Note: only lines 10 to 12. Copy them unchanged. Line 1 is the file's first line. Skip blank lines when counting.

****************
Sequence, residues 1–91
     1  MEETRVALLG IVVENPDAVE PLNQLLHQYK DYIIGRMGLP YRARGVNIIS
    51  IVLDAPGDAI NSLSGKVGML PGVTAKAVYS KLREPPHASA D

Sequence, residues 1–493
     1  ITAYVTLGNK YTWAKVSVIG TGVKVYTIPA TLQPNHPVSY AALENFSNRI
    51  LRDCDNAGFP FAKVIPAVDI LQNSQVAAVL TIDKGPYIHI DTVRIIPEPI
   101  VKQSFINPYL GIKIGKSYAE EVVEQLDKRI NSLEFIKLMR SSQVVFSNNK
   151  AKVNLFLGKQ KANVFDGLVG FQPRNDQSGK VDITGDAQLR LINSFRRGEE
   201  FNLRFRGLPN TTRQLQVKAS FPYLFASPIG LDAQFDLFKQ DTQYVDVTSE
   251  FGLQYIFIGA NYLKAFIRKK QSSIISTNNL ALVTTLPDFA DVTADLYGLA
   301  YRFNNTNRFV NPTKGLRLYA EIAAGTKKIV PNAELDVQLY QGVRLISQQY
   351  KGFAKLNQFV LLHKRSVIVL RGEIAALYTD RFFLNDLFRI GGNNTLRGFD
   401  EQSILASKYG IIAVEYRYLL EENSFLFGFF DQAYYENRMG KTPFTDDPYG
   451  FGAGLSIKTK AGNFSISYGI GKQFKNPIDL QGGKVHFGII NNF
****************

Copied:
   251  FGLQYIFIGA NYLKAFIRKK QSSIISTNNL ALVTTLPDFA DVTADLYGLA
   301  YRFNNTNRFV NPTKGLRLYA EIAAGTKKIV PNAELDVQLY QGVRLISQQY
   351  KGFAKLNQFV LLHKRSVIVL RGEIAALYTD RFFLNDLFRI GGNNTLRGFD